Kilmorack Gallery Christmas Show
Kilmorack Gallery
by Beauly, Inverness-shire
01463 783230
Until December 23
Look dad... a lizard at the end of the rainbow... Kilmorack Gallery 

If you are lost and looking for the Kilmorack Gallery (which lies 13 miles west of Inverness and three miles from Beauly) the advice from its owner, Tony Davidson is ‘look for the lizard’.
The lizard – an artwork by gallery favourite Helen Denerley – has become the Kilmorack’s trademark and has set the bar high for a feast of artastic delights.

The Christmas exhibition at Kilmorack is always an enlightening affair but this year, there are some surprises in store.
Russian born Eduard Bersudsky is new to the gallery. He is best known for the mechanical theatre Sharmanka, which tells of Bersudsky’s dark and blackly comical experiences of life in communist Russia. They are tales of sex, death and corruption, told by a mechanical raven and a series of carved wooden animals.
The well-established Aberdeen-based figurative artist, Joyce W Cairns is also new to Kilmorack. Cairns draws from her experiences of the fishing villages of Aberdeenshire as well as her father and grandfather’s experiences of war.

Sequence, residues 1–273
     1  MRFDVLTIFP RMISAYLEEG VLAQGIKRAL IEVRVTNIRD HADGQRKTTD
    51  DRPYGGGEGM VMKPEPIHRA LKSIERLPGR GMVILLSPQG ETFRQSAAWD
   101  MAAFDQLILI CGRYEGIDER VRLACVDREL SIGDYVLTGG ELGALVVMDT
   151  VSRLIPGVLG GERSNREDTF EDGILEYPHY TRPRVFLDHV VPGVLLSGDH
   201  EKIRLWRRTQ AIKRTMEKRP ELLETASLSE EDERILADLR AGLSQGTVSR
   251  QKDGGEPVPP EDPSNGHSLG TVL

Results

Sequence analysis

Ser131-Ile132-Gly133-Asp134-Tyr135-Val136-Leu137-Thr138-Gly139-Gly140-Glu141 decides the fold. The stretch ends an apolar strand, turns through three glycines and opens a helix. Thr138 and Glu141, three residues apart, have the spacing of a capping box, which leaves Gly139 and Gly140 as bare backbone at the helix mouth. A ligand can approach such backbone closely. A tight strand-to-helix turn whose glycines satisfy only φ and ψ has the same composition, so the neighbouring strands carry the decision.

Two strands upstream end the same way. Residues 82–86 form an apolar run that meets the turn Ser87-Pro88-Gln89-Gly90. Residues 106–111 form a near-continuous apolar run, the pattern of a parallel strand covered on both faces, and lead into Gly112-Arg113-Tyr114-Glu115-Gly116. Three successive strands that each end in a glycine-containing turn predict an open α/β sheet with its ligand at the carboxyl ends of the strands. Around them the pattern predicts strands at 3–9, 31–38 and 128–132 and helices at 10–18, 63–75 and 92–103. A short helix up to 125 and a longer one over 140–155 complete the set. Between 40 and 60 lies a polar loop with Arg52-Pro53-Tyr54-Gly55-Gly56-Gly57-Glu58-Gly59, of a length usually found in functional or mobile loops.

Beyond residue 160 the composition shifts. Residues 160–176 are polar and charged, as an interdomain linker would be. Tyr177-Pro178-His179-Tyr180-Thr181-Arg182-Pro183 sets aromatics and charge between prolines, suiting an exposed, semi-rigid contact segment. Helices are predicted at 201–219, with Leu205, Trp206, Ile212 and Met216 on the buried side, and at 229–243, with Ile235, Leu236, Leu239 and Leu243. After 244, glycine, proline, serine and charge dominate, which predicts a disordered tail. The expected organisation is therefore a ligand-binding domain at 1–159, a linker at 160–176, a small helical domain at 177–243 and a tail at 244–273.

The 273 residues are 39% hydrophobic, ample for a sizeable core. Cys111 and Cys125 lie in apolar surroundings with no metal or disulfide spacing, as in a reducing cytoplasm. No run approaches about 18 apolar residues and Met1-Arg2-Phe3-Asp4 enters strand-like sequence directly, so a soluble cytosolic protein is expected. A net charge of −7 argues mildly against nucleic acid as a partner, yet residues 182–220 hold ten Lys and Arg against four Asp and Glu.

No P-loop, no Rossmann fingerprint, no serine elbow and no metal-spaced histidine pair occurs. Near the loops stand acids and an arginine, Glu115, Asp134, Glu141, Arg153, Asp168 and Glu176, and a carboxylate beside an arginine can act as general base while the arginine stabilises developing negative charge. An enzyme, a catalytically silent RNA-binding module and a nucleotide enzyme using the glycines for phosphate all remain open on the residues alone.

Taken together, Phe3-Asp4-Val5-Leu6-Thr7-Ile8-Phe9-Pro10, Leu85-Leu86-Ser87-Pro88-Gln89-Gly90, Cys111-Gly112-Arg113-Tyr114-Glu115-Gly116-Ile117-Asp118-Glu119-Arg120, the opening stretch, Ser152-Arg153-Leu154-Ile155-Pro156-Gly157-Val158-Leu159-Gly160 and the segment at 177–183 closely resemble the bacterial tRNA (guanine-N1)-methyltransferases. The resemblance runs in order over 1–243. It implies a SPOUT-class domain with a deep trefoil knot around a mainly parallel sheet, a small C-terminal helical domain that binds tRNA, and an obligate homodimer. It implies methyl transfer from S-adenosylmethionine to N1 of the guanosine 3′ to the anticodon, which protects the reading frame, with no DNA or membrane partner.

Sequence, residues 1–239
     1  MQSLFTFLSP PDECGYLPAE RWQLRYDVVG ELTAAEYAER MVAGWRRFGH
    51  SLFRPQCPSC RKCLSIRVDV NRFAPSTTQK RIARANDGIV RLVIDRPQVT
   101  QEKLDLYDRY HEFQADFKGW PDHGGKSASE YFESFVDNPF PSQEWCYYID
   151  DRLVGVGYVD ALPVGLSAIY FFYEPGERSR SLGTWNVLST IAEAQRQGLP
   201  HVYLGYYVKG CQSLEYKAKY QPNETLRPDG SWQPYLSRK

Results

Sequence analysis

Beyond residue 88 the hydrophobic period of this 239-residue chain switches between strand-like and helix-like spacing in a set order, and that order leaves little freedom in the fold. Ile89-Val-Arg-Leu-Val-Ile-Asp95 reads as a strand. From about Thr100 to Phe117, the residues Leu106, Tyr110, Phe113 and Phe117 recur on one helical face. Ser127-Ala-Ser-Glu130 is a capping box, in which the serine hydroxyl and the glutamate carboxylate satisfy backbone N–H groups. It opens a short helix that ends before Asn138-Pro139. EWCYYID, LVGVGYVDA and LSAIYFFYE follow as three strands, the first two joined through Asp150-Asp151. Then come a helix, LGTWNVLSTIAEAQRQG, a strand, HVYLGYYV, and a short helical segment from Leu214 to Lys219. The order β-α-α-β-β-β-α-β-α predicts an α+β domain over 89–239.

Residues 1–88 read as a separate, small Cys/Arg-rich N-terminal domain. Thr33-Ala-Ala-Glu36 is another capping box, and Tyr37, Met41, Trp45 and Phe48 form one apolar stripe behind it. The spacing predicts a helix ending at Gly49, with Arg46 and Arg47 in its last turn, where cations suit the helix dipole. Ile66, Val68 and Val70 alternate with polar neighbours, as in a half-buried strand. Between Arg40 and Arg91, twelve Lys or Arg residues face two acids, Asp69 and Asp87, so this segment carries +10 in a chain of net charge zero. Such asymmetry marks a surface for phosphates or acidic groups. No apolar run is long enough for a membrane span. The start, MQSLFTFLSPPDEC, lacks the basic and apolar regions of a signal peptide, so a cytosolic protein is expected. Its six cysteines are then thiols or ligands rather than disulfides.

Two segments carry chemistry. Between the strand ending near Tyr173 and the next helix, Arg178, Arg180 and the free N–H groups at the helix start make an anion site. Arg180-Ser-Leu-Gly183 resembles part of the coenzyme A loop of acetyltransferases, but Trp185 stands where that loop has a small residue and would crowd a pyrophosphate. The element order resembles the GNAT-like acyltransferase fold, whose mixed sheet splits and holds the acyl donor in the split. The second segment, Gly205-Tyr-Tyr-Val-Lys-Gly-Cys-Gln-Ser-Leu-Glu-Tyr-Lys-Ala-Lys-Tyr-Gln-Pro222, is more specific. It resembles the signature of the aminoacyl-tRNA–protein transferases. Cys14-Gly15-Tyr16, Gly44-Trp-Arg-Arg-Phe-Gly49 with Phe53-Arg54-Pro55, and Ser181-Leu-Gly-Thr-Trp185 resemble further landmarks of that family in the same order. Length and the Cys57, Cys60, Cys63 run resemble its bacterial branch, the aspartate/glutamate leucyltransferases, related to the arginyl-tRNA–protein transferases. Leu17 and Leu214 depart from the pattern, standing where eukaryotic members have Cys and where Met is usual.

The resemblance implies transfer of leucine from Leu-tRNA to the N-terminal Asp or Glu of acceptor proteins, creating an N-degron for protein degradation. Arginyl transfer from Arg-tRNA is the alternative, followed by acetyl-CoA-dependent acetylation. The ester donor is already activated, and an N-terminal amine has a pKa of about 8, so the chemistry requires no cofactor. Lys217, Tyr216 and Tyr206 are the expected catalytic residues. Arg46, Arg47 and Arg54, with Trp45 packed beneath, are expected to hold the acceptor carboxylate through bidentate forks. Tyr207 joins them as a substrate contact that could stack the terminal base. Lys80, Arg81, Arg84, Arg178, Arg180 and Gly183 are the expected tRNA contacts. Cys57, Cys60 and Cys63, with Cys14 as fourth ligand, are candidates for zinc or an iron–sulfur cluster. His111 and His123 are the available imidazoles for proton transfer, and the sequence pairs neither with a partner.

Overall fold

This show also provides a glimpse of what is to come at Kilmorack in 2012. David Cook, who lives just north of Montrose on Scotland’s east coast, is another new artist to Kilmorack and he, along with Edinburgh-based Henry Fraser, will form the first exhibition of 2012.
According to Davidson, Cook’s work is something to see. “It follows in the painterly path set by Joan Eardley,” he says. “His landscapes and flower paintings in this show are remarkable.”
In addition, there are ten new collages by Colin Brown, a series of bright horse paintings by Kirstie Cohen, painted angels by landscape artist Claire Harkess and new work by Helen Denerley.
There is also work by two of Davidson’s favourite artists; the confusingly twin-named named Alan Macdonald and Allan MacDonald. Their work, he says, is very different. “One is surreal and Rembrandt-like, while the other produces loose powerful landscapes.”